At the American Farm Bureau annual convention in Orlando attended by about 7,000 from across the country, 300 of those were Hoosiers including some who represent a strong contingent of women leaders in Indiana agriculture. Isabella Chism, 2nd vice president of Indiana Farm Bureau, is also vice chair of American Farm Bureau’s Women’s Leadership Committee. Deb Walsh from Fulton County was also elected to a 2-year term on that committee as the Midwest region representative.
“We work across the whole United States with women’s programs,” she explained. “We do Food Link. We do farmers markets and we work with women in Farm Bureau to help them get their programs going. We help educate all segments of agriculture.”
Amy Kelsay is another strong advocate for agriculture by virtue of her family’s central Indiana dairy which is also a tour destination. She was in Orlando as a regional winner in last year’s Monsanto Farm Mom program and spoke at the Women’s Leadership meeting.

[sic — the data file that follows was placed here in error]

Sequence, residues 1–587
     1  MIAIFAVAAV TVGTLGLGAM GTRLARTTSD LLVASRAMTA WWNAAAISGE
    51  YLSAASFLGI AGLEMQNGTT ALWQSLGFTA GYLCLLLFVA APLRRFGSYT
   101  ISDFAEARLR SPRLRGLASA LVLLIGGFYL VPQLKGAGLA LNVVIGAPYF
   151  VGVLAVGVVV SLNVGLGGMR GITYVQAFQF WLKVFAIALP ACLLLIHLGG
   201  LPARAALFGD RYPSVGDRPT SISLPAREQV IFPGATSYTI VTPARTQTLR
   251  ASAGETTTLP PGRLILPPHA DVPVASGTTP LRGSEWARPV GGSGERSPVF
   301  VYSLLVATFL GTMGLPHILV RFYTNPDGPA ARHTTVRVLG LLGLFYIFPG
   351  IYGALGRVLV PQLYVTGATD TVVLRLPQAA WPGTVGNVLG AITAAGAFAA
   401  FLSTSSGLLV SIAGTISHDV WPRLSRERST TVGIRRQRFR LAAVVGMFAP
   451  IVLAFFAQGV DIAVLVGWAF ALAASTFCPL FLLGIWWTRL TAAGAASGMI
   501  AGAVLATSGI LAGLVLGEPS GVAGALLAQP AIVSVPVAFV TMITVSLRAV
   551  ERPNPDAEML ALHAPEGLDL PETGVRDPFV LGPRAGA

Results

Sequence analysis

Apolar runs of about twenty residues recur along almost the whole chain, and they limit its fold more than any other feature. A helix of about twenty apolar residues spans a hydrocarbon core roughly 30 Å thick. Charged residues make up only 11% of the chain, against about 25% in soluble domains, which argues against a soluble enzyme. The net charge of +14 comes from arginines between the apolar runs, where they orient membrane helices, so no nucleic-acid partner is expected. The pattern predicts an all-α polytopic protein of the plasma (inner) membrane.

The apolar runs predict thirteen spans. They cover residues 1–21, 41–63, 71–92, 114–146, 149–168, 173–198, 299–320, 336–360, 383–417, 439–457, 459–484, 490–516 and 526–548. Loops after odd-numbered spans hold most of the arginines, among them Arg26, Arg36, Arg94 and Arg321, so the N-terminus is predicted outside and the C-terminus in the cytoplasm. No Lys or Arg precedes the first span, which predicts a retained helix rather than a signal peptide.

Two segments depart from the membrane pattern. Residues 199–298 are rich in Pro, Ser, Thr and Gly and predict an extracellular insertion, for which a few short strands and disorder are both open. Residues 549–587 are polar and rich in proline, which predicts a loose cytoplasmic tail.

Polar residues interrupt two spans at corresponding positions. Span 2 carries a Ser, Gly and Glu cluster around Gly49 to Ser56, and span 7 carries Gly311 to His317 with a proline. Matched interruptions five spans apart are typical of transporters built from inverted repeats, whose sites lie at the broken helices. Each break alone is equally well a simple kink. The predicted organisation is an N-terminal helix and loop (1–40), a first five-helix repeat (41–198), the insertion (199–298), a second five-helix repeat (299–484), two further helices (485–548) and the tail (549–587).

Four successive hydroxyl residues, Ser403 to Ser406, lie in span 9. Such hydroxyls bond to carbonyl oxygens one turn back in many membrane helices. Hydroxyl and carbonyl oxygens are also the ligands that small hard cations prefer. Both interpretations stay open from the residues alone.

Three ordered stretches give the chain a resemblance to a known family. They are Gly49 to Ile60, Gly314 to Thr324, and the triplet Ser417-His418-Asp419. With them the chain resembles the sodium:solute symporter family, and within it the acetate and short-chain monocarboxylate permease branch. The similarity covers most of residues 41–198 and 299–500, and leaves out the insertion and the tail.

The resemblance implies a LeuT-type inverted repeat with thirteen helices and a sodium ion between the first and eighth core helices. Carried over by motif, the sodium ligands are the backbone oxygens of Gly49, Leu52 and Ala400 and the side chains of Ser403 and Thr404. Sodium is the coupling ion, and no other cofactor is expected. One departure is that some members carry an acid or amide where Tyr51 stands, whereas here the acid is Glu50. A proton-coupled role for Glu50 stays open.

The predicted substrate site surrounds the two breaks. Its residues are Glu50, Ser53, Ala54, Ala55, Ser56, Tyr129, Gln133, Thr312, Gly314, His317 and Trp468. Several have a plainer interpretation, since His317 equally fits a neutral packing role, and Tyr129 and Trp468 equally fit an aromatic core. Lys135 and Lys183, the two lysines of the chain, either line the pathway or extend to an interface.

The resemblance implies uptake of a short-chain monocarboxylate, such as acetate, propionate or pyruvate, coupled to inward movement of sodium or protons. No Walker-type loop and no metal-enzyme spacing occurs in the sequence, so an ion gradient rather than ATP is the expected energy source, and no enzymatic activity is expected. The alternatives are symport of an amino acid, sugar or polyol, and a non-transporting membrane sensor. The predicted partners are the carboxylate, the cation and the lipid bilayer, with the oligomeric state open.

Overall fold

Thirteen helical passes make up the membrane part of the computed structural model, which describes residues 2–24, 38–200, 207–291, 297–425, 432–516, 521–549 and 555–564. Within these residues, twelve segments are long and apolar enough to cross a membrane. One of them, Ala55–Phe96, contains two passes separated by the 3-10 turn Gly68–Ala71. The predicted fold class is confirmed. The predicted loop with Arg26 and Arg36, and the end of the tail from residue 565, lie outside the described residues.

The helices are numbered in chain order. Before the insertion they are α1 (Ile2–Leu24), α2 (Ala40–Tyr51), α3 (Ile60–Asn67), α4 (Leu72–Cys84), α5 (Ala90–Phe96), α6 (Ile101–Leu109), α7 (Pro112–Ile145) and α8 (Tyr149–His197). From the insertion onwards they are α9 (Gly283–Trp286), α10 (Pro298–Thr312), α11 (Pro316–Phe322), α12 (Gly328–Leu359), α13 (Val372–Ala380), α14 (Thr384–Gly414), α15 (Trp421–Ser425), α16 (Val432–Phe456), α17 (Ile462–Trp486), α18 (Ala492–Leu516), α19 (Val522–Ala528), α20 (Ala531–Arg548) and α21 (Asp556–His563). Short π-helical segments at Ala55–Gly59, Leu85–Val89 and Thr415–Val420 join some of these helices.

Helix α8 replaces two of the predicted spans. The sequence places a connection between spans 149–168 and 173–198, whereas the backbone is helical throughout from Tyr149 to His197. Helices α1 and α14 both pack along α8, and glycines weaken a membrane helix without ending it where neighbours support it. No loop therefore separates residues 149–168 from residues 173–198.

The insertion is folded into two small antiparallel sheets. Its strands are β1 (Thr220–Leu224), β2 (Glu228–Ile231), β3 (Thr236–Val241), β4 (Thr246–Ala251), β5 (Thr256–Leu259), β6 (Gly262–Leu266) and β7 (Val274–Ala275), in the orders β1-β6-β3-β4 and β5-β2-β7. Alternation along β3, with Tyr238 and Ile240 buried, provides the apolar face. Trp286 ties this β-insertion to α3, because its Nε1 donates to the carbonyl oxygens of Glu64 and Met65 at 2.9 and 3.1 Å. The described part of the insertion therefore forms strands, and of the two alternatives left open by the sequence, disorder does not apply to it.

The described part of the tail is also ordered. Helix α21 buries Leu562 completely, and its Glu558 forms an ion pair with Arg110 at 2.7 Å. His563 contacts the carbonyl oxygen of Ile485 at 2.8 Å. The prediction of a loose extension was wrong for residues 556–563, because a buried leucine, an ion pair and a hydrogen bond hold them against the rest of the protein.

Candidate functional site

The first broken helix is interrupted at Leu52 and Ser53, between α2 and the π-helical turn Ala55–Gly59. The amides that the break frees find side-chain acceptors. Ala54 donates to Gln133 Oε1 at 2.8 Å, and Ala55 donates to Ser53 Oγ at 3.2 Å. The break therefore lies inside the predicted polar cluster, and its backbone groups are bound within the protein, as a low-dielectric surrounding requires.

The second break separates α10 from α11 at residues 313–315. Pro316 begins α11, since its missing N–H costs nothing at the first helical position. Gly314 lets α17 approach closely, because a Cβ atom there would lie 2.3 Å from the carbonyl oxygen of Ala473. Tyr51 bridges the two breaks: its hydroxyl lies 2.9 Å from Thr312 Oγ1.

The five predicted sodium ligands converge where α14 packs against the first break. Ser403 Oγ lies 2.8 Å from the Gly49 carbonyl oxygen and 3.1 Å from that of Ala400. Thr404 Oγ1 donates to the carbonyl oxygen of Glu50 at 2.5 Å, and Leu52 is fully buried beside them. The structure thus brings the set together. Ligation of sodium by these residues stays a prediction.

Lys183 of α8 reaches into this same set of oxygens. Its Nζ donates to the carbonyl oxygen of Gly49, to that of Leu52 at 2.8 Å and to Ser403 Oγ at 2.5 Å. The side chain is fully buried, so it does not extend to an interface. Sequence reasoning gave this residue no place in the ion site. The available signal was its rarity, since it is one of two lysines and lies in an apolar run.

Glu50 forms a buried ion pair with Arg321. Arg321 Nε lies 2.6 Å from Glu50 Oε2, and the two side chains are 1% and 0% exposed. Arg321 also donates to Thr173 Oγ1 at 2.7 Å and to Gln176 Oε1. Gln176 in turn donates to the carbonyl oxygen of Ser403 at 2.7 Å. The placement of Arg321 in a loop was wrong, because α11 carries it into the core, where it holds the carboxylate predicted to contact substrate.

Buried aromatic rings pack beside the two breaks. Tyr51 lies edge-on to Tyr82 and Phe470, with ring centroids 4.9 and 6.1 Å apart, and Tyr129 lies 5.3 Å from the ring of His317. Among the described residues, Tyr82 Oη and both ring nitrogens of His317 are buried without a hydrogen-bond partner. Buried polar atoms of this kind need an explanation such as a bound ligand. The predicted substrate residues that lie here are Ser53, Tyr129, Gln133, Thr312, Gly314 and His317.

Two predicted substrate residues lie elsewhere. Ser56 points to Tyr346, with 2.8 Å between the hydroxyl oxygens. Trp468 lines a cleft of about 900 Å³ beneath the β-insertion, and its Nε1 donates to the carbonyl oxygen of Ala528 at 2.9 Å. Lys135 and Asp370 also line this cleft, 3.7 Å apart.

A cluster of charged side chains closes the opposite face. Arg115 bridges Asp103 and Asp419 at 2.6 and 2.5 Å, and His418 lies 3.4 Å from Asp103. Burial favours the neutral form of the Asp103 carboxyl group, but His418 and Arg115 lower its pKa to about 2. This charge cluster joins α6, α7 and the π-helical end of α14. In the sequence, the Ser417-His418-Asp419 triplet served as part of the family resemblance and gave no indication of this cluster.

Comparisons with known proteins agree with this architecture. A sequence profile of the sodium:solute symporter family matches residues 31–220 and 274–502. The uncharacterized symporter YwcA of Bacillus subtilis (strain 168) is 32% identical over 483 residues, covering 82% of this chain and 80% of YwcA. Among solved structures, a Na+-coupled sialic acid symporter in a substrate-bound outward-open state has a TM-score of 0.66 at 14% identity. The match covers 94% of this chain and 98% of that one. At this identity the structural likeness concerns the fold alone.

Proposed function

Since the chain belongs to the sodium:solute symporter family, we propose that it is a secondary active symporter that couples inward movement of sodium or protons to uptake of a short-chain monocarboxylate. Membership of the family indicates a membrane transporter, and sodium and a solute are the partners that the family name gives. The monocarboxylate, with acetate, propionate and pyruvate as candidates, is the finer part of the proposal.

“The main thing I talked about is what the program has meant to me, what the award meant to me, but then also to share a little bit about my experiences on our farm and things that I get to do on our dairy farm in terms of ag promotion and ag education with visitors that come to our farm. This award has opened other avenues for me. Much of that is mom to mom conversations that I get to have talking about the importance of our industry, why we do what we do, and encouraging them to feed their children milk and dairy products!”
Both women are passionate about educating consumers about where their food comes from, and Walsh explains that’s vitally important in this day and age.
“There are so many people that are not farmers and just such a minute percentage that are farmers,” she told HAT. “People don’t really know where their food source comes from and we as farmers are trying to educate them and tell them. Lots of people have never even been on a farm and many people across the United States have never ever been close to an animal, so we’re trying to educate them that what they’re eating and what they’re buying in the grocery store is a very safe food that the farmer is producing.”